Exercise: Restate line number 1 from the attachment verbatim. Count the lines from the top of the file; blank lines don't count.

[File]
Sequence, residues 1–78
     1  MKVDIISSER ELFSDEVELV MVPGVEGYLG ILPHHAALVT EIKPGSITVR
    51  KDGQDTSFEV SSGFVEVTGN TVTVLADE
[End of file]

Sequence, residues 1–78